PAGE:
The author proposes that (a) just about all males masturbate, particularly young ones; (b) masturbation is widely regarded as a terrible sin and deviant act in Orthodox Judaism (citations provided in article); (c) this has the unfortunate effect of traumatizing young men and prompting them to leave the proper derech because they (1) masturbate anyway, and (2) feel awful about it, but (3) can't discuss it with respected halachic authorities.
The piece is thoughtfull and well written. I have only a few caveats.
1) With regard to the strength of the Talmudic injunctions against masturbation (and follow ups in the medieval halachic literature), it helps to be familiar with the literary style. For example, the rabbis of the Talmud explain that one who says the sh'ma standing in the morning and lying down in the evening in order to follow the ruling of Beit Shammi rather than Beit Hillel is worthy of death. One may find similar injunctions against other kinds of conduct that might be considered minor or not easily detected. While I believe the rhetoric is intended to underscore the seriousness with which such things are to be regarded, they are not nearly as monstrous and condemnatory as the author of the article (and, sadly, later Rabbis and moralists) make them.
It is also important to note that masturbation is hardly unique in the matter of sexual coduct so condemned. For example, the Rabbis condemn a man who fantasizes about another woman while having sex with his wife as an adulterer (another practice described as common by sex researchers). They likewise condemn as an adulterer (and therefore worthy of death) one who has sex with his wife while drunk, or takes his wife against her will. As Eliezer Berkovits writes, this has to do with the Rabbinic attitude on sex. That it is not rejected and shunned, but nor is it to be purely physical. Rather, sex (as with any other physical desire and sense) is to be channeled and elevated in accordance with God's instructions. While not making the analogy explicit, Berkovitz's argument is similar to other areas of Judiasm, such as kashrut, where physical senses and desires are channeled and circumscribed, but full enjoyment and fulfillment of these desires within the context of halacha is considered not merely permissible, but encouraged.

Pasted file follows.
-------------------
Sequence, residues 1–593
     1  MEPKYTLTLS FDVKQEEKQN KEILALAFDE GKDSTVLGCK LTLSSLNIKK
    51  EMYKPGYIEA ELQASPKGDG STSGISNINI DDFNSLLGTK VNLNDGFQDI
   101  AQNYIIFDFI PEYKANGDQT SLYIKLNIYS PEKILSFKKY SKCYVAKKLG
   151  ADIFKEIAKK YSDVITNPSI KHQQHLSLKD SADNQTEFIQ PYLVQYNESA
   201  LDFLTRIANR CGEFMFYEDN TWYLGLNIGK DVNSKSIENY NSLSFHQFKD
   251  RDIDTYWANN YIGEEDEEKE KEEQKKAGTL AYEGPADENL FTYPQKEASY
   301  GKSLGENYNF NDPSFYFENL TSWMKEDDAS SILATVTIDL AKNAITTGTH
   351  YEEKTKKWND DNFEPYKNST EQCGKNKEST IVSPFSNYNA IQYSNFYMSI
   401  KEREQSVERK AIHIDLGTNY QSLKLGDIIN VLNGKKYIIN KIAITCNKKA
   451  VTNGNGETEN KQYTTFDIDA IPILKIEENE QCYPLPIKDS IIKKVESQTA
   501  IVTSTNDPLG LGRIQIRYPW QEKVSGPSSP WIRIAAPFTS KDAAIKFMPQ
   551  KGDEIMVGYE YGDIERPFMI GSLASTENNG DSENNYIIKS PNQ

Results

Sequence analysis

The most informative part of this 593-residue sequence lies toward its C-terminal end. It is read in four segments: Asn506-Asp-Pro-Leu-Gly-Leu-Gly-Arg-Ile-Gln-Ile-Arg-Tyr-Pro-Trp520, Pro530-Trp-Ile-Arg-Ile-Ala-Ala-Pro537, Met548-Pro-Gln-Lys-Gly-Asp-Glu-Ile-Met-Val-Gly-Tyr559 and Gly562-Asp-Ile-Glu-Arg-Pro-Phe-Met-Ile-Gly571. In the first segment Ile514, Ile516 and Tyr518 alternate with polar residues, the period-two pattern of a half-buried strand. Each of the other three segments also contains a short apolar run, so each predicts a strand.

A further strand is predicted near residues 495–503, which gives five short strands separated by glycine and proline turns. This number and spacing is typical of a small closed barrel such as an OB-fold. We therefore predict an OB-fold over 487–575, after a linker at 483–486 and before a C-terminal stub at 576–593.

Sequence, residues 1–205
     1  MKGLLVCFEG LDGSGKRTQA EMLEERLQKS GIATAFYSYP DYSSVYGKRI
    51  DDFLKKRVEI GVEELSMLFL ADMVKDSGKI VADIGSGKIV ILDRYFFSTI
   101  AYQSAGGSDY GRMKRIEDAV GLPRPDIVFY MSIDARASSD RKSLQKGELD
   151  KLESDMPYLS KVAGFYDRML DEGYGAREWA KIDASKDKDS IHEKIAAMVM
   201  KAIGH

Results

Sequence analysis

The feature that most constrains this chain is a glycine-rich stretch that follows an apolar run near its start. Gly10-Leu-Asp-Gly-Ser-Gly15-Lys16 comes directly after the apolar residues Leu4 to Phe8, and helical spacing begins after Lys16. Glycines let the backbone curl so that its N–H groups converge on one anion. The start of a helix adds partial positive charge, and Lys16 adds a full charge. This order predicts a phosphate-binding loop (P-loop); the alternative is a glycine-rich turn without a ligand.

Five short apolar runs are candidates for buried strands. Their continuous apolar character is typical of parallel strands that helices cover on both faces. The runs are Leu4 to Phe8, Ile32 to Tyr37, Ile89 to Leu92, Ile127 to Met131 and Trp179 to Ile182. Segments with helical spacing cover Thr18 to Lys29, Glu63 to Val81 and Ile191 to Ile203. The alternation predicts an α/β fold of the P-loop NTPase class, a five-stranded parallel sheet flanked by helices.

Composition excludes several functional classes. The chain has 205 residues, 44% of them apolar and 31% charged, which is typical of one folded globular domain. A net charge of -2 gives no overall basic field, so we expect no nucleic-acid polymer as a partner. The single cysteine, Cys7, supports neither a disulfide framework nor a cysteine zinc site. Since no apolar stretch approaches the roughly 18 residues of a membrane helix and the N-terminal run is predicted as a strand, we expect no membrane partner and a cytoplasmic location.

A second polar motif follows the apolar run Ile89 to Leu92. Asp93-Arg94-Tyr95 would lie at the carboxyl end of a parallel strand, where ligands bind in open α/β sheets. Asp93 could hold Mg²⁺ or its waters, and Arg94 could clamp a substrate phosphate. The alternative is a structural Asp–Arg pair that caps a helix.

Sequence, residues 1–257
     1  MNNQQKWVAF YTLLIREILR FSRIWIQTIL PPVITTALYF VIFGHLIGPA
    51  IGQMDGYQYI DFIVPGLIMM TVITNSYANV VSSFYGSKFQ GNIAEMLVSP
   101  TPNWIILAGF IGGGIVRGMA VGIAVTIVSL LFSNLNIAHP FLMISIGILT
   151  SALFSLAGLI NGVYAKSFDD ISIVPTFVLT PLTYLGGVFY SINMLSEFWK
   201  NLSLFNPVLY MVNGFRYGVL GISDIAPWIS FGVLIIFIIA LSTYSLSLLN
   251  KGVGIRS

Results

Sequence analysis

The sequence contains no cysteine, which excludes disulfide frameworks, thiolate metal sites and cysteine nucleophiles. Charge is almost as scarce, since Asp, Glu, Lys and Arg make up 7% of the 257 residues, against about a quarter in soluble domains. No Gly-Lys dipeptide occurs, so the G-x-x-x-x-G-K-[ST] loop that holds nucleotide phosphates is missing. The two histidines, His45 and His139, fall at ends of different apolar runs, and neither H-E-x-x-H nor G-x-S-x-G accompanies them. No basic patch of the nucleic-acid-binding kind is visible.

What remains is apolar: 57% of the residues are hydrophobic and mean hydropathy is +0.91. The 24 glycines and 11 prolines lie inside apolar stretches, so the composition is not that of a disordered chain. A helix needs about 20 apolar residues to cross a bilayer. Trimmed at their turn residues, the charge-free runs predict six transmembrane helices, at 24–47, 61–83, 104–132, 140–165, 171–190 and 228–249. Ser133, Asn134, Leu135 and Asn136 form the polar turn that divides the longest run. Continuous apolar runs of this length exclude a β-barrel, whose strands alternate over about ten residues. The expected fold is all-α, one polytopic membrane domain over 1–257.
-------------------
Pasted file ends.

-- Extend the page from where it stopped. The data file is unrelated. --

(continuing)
2) The context of the condemnation of masturbation is also important. In a society in which life was rigorous, availability of nutritious food spotty, and existence precarious, I'm not sure male masturbation was as frequent simply as a matter of physical capacity. Then add the fact that the Talmud also extolls marraige for men, not merely women, at a relatively early (for us) age and the fact that onset of puberty in this environment would have been later rather than earlier. (the author notes these changes, but not the ideological context)
As a consequence, teenage boys in Talmudic times would have spent little time between sexual awareness and marriage. If one reads mesechet Ketubot, one can see that the Rabbis had a significant concern that, in an era of arranged marraiges and tremendous uncertainty for individual safety and the continued survival of the Jewish people, that married couples should feel affection for one another. In this context, sexual fantasizing and masterbation are not sex substitues or part of sexual development as they are today. They would have been viewed as potential distractions from forming a bond with one's spouse -- to the detriment of the marraige as a whole. Given that Kiddushin tells us that the occassions on which a married woman may demand the sexual attentions of her husband is limited to once a month for laborers in arduous trades, it is perhaps more understandable why the Rabbis would vigorously condemn a practice they saw as "squandering" an opportunity to both enhance the emotional bond of the couple and produce a child.
3) I confess I seem to be in a world of blissful ignorance and self-delusion when it comes to the author's dire prophecies and predictions. The article aslo seems rather high on speculation and low on research as to actual state of affairs among Orthodox boys. Perhaps this has become a more dire issue in the last 20 years or I lived a sheltered life, but I don't see awful crippling guilt manifesting itself all over as the masturbation plague sweeps young men. Nor can I support an approach which encourages the elevation of personal fulfillment and sexual development via masturbation.
Nevertheless, I think the author makes a vaild point with regard to updating sex education in Jewish day schools. At Maimonides, we did not discuss the matter in any depth. Acually, if memory serves, we got sex ed as part of Jewish Philosophy. Setting things in the historical context and ideolgical context would be a wise thing.